Residents were introduced to laparoscopic techniques by lectures, seminars, and demonstrations. Subsequently, surgical residents assisted in operations as camera operators, and then progressed to being first assistants, and then operated as the first surgeons after acquiring appropriate skills.

All operations by surgical trainees were performed under the instruction and supervision of an experienced laparoscopic surgeon.

The routine blood investigations of all the patients were sent (like complete hemogram, liver function tests, and renal function tests) and they all had electrocardiography, chest X-ray, and abdominal ultrasound scan done preoperatively.

Statistical Analysis

The Statistical Package for the Social Sciences was used to collect all the data. An unpaired t test was used, and the mean duration of the surgery, the mean duration of hospital stay, and the number of days needed for resuming daily activities were compared. To compare the complication rates, conversions to open surgery, and mortality rates, a X2 test was used. A probability of <0.05 was accepted as significant. An independent researcher reviewed the results.


The data comparing patients who underwent LC by surgeons and residents are in Table 1.

The mean duration of the operation was 49 minutes for the surgeons and 57 minutes for residents (p = 0.12). Neither conversion rate to laparotomy (p = 0.17) nor complication rate (p = 0.06) was significantly different between surgeons and residents. Finally, the mean hospital stay was 2.3 days and 3.5 days, respectively (p = 0.33).


Considerable concerns exist that shortening the time period of training will compromise the competence of new surgeons. The surgical trainees must obtain adequate operative experience without any unfavorable outcomes to the patient. This retrospective study has shown that the level of the principle operating surgeon does not predict the mortality or morbidity in patients undergoing LC.

Several authors have criticized that the laparoscopic generation of surgeons start their training in biliary surgery with less experience with the open technique;6 however, studies have shown that less experience in open cholecystectomy does not influence the safety of LC.7 Instead, surgeons who started LC after their residency encountered more biliary complications than did their colleagues who learned LC during their residency.5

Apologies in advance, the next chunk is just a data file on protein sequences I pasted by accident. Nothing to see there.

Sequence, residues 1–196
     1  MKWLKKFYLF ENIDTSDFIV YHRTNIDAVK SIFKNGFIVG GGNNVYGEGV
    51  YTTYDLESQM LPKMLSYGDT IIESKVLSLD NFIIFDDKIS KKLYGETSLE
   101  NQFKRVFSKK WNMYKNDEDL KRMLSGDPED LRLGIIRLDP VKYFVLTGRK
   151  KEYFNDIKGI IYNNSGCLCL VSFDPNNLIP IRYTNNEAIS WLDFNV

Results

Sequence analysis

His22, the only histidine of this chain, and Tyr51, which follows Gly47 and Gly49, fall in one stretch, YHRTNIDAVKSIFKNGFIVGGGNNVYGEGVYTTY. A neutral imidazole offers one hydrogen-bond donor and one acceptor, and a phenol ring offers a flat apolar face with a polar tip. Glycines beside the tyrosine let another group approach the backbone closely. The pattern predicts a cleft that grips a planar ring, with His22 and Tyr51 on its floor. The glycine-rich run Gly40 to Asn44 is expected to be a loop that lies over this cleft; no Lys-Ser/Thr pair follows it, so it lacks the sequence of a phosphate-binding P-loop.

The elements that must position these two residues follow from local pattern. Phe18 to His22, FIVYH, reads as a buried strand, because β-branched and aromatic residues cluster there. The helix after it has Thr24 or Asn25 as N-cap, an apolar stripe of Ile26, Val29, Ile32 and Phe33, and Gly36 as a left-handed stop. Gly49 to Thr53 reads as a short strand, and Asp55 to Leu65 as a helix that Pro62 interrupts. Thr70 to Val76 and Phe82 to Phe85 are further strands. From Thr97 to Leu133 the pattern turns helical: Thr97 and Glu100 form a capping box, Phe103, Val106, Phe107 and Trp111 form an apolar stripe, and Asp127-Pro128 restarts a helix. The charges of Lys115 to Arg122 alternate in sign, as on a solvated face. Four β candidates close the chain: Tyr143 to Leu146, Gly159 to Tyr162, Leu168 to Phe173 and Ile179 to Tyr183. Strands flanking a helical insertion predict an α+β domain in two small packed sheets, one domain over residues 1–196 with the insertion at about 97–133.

All similar studies’ results indicate that with proper training and guidance, surgical residents can achieve a satisfactory level of competence in this procedure.3

Table 1: Comparison of laparoscopic cholecystectomies performed by surgeons and residents
Surgeons (n = 231)Residents (n = 111)p value
Mean duration of operation (minutes)49 (27–78)57 (33–97)0.12
Major complications15120.06
• Intraoperative
 Bowel thermal injury10
 Bile duct injury00
 Bile leak43
 Hematomas at trocar site00
• Postoperative
 Inflammation at port site44
 Paralytic ileus12
Conversion to laparotomy240.17
Mortality rate (%)000.22
Mean hospital stay (days)
Return to normal activity15.116.70.27

After LC, two patients operated on by a surgeon and one by a resident became jaundiced, and endoscopic retrograde cholangiopancreatography was performed. These patients underwent a papillotomy because of common bile duct stones, which were successfully removed.


We conclude that when surgical residents perform LC after sufficient training in laparoscopy and under proper supervision and guidance, favorable outcomes are achieved. The learning and experienced surgeons must be aware of the possible complications and the necessary prerequisites that should be taken for their prevention.


1. Cagir B, Rangraj M, Maffuci L, et al. The learning curve for laparoscopic cholecystectomy. J Laparoendosc Surg 1994;4(6):419–427. DOI: 10.1089/lps.1994.4.419 . November 5, 2016).

2. Hunter JG. The learning curve in laparoscopic cholecystectomy. Minim Invasive Ther Allied Technol 1997;6(1):24–25. DOI: 10.3109/13645709709152820.

3. Pariani D, Fontana S, Zetti G, et al. Laparoscopic cholecystectomy performed by residents: a retrospective study on 569 patients. Surg Res Pract 2014;2014: 912143. DOI: 10.1155/2014/912143.

4. Reynolds WJr. The first laparoscopic cholecystectomy. J Soc Laparoendosc Surg 2001;5(1):89–94. February 25, 2017).

5. Friedman RL, Pace BW. Resident education in laparoscopic cholecystectomy. Surg Endosc 1996;10(1):26–28. DOI: 10.1007/s004649910005 . March 4, 2017).

6. Hodgson WJ, Byrne DW, Savino JA, et al. Laparoscopic cholecystectomy. The early experience of surgical attendings compared with that of residents trained by apprenticeship. Surg Endosc 1994;8(9):1058–1062. DOI: 10.1007/BF00705719 . March 4, 2017).

7. Böckler D, Geoghegan J, Klein M, et al. Implications of laparoscopic cholecystectomy for surgical residency training. J Soc Laparoendosc Surg 1999;3(1):19–22. February 25, 2017).

© The Author(s). 2019 Open Access This article is distributed under the terms of the Creative Commons Attribution 4.0 International License (, which permits unrestricted use, distribution, and non-commercial reproduction in any medium, provided you give appropriate credit to the original author(s) and the source, provide a link to the Creative Commons license, and indicate if changes were made. The Creative Commons Public Domain Dedication waiver ( applies to the data made available in this article, unless otherwise stated.